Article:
The Fiery Heart. Richelle Mead.

9833184The Fiery Heart
by Richelle Mead

My rating: 4 of 5 stars

Omg omg omg omg omg omg omg, How I want Silver Shadows right now. Omg.

(I’ll say I don’t like this cover as much as the others but….)
Even though I’d heard that this was not as great as the others, and even though I heard it trumphed thelast one in surprises, I have to say, the ending frustrated me and left me wanting for so much more.

HOW can words even explain how I feel about this latest installment of the series.

I remember commenting about the change in style of the narration in my status update, before I stopped making any statuses at all. IN this installment, the story is told from both Sydney’s and Adrian’s perspective, which at first, I found strange because I was so used to Mead’s usual style of telling the story primarily from the female protagonist’s perspective. But even though it was weird, I got used to it after a while, and well, then it was just like any other Bloodlines novel.

Adrian was an interesting mind to be in, but all the things that annoyed me about him in the book before, I liked in his this time. I got to see that even though he was more mature, he was still the same old Adrian. Being in love, made Adrian loveable, even though he had always been loveable, but he seemed almost a little distant, and untouchable. But now, and I guess it’s because of the different narrating perspectives, I got to see that same Adrian, but more mature and clearly in love with Sydney. What’s more it wasinteresting to see the effect of Spirit. What was obvious to Adrian, and difficult to understand for Sydney also adds to the drama of the story and well, yeah, their love affair.

The plot. At the start it’s very slow moving, Mead takes her time introducing the elements of the plot, preparing the base and then the layers on top, adding layer by layer until BAM! the climax hits and we’re left with a cliffhanger. Typical Mead writing, and I totally loved it. She definitely knew how to keep me wanting more, since I won’t lie, this was the book that took me the longest to read over the last week (and only because I was busy!) even though I wanted to eat it up.

Intertwined with the main plot, was obviously the romance between Sydney and Adrian. Since it’s been a while since I read The Indigo Spell so I forgot a bit of what had actually happened between Sydney and Adrian. SO I was surprised by how fast their relationship progressed by the looks of the first chapter. Of course, when you’re an Alchemist, in love with a Vampire,and not even a Dhampir at that but Moroi, it’s bound to be dangerous. Between Sydney and Adrian, their relationship is squashed into the free moments when Sydney can get away from her sister,Zoe who turned up at the end of the last book, and others problems that turn up. Yet even despite all these problems, they manage to move their relationship forward. And during the moments when their relationship can be nothing but perfect, I felt like I was being lulled into a false sense of security, which I was, despite various other important and tense events taking place in between the beginning and the climax of the story.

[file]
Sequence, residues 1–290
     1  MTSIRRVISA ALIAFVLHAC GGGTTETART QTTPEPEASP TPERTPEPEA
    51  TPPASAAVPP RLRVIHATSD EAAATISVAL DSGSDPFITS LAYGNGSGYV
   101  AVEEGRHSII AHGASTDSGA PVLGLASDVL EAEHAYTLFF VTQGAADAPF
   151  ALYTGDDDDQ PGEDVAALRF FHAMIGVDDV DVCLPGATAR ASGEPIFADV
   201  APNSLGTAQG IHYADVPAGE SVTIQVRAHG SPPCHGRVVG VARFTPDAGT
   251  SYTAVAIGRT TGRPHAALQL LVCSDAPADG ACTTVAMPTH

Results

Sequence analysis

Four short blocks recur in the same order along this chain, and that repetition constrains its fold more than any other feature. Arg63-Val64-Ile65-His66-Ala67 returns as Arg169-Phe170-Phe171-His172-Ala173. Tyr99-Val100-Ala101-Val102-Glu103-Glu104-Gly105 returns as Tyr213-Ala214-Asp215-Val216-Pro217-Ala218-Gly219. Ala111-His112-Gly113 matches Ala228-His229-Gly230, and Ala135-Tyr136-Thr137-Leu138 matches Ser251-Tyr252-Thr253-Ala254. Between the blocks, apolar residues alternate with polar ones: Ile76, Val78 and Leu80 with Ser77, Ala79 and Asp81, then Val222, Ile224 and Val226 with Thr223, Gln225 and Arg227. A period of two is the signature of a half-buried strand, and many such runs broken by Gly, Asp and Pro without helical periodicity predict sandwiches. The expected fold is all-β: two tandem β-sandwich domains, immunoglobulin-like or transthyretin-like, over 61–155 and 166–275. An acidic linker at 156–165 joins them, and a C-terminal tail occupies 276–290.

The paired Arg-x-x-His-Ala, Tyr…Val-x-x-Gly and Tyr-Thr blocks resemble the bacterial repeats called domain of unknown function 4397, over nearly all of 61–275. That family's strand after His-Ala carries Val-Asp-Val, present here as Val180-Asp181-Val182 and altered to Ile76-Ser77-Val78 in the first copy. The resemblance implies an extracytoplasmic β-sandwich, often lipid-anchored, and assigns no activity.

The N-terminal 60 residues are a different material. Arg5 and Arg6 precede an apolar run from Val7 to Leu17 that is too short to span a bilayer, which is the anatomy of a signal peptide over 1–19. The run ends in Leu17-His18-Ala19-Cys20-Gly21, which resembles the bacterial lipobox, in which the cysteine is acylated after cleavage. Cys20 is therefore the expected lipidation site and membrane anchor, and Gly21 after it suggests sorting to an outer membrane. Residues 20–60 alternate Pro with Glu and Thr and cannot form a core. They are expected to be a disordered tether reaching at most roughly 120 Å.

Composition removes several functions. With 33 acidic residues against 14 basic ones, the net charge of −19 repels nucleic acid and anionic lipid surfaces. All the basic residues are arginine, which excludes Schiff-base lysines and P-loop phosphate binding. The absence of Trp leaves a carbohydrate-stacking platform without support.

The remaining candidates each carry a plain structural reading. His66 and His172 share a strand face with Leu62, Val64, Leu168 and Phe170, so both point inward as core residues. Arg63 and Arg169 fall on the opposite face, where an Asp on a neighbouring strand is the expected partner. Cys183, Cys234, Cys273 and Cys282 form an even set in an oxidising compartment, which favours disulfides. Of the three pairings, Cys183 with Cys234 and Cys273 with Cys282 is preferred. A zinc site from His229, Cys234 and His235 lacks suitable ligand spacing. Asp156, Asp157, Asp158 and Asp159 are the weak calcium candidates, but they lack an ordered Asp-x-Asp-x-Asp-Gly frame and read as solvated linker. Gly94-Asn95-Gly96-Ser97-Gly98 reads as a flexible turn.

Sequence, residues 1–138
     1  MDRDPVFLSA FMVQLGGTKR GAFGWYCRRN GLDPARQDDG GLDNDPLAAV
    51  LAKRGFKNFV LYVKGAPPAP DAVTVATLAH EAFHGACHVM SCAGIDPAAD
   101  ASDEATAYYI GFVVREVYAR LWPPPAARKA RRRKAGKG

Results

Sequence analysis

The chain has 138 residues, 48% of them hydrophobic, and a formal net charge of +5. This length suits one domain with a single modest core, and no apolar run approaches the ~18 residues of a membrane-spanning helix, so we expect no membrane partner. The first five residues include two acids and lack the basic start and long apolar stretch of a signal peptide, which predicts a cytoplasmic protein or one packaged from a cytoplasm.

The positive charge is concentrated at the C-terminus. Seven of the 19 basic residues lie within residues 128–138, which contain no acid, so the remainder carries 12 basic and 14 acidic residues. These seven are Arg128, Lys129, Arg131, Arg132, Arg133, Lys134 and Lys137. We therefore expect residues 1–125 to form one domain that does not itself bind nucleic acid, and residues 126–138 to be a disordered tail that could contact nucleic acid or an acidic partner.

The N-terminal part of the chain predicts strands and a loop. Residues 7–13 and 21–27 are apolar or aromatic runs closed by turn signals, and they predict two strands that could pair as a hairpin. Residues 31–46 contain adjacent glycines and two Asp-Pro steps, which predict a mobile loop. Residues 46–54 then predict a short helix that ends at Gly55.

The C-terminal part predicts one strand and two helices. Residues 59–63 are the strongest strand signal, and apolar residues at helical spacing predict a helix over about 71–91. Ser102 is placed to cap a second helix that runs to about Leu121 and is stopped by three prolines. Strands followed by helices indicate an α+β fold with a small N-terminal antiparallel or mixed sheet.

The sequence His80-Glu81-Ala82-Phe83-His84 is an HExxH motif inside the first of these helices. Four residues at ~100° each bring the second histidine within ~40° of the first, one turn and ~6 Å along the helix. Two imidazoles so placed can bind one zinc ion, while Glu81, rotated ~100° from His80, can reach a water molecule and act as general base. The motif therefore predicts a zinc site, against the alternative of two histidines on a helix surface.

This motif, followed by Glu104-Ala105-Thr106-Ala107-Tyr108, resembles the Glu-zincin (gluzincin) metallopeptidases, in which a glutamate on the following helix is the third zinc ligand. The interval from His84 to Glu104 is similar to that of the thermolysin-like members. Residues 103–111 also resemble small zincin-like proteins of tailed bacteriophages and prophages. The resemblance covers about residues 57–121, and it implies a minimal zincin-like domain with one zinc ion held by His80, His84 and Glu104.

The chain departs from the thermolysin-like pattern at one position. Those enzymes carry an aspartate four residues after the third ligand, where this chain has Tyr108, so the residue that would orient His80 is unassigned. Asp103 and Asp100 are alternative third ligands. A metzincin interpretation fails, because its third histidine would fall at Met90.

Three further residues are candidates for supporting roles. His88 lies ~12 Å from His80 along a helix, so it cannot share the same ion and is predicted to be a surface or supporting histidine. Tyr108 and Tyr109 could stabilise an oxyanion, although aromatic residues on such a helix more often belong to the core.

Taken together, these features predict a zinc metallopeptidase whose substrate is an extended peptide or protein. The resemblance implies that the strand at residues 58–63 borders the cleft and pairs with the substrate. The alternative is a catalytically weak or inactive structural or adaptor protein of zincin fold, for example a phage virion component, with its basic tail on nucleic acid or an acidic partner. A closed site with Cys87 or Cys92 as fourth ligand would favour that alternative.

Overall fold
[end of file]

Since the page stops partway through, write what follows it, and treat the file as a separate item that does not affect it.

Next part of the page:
I remember this moment, when I put The Fiery Heart down for a moment and I looked at the back cover and saw the tag line for the Bloodlines series once again: Blood Doesn’t Lie… and I couldn’t help but think about how awesome Mead is at being the master storyweaver that she is. She certainly does a wonderful job sticking close to the theme of the series, weaving a believable plot and creating intricate relationships between the characters. I still can’t wrap it around my mind, even though I’m reading about Sydney mixing chemicals for tattooing and so on. But I do find myself thinking, that Mead doesn’t slack on the detais.

Lastly, Zoe is such a little, try hard brat who has yet to prove that she’s worthy. I swear she’s so completely jealous of Sydney that I can’t like her! I also thought that the “my parents are divorcing” plot that Mead added into the story of the Sage family, was a bit ehhhh in my book, because it’s such a dramatic move, even for Mead. Yet, it’s a plot point that remains the centre for the cause and effect of the final cliffhanger. And if I hadn’t been convinced at the start, I sure was convinced at the end.

OH BOO. I’m hardly doing this installment any justice at all with this review yet I don’t want to spoil it much at all. This book desserves a better review than I can give. But omg, it’s worth reading because it’s a Bloodlines book!

I seriously cannot wait until July when Silver Shadows, oh hell, I want to know now what happens next!

View all my reviews


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